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Find Your Happy Place in the Moment

Recent studies have uncovered something surprising about happiness and attention.

Recent studies have uncovered something surprising about happiness and attention.

In one study, 15,000 participants were sent signals at random times during their day which asked them to respond to an in-the-moment poll. The poll contained a few questions like these:

  1. How do you feel on a scale ranging from very bad to very good?
  2. What are you doing?
  3. Are you thinking about something other than what you’re currently doing?
  4. Are those thoughts pleasant, neutral or unpleasant?

After gathering over 650,000 real-time responses the results revealed some interesting things:

  • In general, people’s minds wander about 47% of the time.
  • People are substantially less happy when their minds are wandering vs. when they’re not.

Perhaps most surprisingly, participants were less happy when mind-wandering, no matter what they were currently doing or thinking about.  This was consistently so, even when their wandering thoughts were more pleasant than their current task.

The researchers don’t believe that this means we should try to stop mind-wandering altogether. Rather, the results suggest that if we’re able to mind-wander less, it could substantially boost our happiness levels and overall quality of life. 

Mindfulness is particularly beneficial at work when worry and distraction drive up anxiety levels and drive down contentment, focus, and productivity.  Calming the mind and simply being in the moment without judgement helps to counteract this effect.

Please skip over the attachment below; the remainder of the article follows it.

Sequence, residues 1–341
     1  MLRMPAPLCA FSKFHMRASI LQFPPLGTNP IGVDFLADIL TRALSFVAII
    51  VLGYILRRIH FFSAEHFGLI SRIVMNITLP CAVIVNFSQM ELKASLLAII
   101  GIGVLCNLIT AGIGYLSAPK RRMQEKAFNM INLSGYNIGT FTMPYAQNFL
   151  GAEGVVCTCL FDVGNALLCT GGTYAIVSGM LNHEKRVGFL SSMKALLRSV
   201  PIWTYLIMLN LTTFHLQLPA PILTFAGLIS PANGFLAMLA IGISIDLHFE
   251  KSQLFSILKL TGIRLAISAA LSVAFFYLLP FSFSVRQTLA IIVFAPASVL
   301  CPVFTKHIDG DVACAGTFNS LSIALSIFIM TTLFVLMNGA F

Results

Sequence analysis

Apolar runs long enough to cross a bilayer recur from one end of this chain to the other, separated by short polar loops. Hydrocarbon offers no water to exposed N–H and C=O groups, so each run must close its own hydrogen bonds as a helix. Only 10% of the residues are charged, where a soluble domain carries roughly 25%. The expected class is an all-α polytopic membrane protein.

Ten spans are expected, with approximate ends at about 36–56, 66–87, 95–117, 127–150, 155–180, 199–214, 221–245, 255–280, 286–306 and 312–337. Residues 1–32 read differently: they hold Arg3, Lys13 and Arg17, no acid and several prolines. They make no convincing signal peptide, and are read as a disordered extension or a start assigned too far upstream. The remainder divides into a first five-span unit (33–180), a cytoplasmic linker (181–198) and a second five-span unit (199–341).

The next time you start to feel anxious, or even just a little dip in your happiness levels, mind-wandering might be the culprit. Try taking a moment to center yourself and observe your thoughts through this simple breathing meditation. 

  • Sit comfortably
  • Focus your attention on either your nose or your abdomen and begin slow, deep breathing
  • Breathe in – acknowledge the breath entering your body
  • Breathe out – acknowledge the breath leaving your body
  • Continue breathing – each time your mind wanders away from your breath, think calmly to yourself—wandering—and gently bring your focus back to your breath entering and leaving your body.

 If you practice this technique regularly for a few minutes each day, it can be an effective way to help anchor yourself in the present, calm your wandering mind and shift your mood to a happier place. Like any skill, mindfulness meditation becomes stronger with repetition. With enough practice, it can even become second nature.

CONCERN: EAP has been helping some of the world's most recognizable organizations bring wellness and resilience into their company culture for over than 30 years.

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